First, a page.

Chinese Manufacturing and Agricultural Investment in Tanzania: A Scoping Study

Image: Flickr, kamccollum
Image: Flickr, kamccollum

This paper uses empirical evidence from the field to examine Chinese manufacturing and agricultural investments in Tanzania.

Investigating Chinese investments in the manufacturing and agro-processing industries in Tanzania we found that most investments in these two sectors have been driven by the potential of African markets and access to raw materials and cheap labor, rather than financial incentives provided by the Chinese government. Since the 2000s, China—Tanzania trade relations have witnessed steady growth. In 2015, World Bank data placed China among the top five destinations for Tanzanian exports, accounting for nearly ten percent of total exports, while China was also the second largest source for Tanzanian imports. We found that although Chinese investments in Tanzania arrived later than many other foreign investments, they have already created various linkages with the local economy, facilitating knowledge transfer through developing local supply networks, providing training opportunities in collaboration with government and vocational training institutions, engaging in technological and financial cooperation with local firms, and contributing to setting local standards. Most of these linkages depend on personal networks; in other words, they are neither consistent nor coordinated. Tanzania offers security, political stability, and a relatively large domestic market to attract foreign investment. At the same time, there are notable economic and political constraints that continue to hamper the economic growth and investor confidence in the country, including poor infrastructure and energy supply, underdeveloped local supply chains, regulatory uncertainty, and cultural differences.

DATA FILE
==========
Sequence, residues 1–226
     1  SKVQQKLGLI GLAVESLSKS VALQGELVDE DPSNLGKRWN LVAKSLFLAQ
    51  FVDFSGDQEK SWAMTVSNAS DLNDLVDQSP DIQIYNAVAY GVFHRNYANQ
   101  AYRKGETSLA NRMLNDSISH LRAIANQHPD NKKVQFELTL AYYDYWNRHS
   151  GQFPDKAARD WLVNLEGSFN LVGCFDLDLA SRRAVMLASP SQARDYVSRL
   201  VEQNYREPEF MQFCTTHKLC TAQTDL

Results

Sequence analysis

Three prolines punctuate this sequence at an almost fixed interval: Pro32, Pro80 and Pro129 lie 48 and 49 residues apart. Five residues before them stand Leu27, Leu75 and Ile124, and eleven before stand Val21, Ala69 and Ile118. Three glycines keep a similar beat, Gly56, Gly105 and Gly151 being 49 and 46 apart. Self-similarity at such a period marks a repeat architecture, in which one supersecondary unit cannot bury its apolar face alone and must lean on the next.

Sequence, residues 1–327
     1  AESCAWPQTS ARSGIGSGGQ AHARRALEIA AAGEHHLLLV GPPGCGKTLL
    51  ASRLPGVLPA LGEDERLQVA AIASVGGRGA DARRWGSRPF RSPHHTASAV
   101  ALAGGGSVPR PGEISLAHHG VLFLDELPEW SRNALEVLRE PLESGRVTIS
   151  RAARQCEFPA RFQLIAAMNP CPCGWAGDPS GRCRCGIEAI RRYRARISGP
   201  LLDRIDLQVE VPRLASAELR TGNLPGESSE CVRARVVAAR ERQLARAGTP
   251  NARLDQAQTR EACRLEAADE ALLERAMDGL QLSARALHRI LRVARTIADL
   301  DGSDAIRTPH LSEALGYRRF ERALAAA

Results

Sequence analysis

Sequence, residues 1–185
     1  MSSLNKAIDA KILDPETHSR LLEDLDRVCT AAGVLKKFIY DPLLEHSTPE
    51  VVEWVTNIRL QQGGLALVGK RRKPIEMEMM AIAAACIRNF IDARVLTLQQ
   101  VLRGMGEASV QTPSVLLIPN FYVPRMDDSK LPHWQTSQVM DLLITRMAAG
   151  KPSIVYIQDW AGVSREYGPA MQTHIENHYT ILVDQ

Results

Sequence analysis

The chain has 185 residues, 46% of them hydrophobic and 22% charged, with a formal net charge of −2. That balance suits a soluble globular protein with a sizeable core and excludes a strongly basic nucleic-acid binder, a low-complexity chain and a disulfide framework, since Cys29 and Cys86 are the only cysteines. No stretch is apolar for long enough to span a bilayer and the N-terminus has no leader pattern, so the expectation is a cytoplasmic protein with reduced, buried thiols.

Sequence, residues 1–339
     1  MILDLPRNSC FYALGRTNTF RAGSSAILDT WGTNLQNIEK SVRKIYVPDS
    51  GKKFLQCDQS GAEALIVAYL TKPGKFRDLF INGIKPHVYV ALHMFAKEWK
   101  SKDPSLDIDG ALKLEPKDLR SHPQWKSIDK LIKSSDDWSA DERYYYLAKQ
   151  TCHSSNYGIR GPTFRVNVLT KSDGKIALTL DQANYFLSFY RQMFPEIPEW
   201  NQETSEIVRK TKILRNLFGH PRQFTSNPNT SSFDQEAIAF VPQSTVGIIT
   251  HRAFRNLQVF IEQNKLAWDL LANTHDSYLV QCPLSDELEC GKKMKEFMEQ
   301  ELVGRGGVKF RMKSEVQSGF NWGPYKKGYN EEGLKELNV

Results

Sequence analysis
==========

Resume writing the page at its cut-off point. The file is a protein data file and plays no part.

6 Aug 2019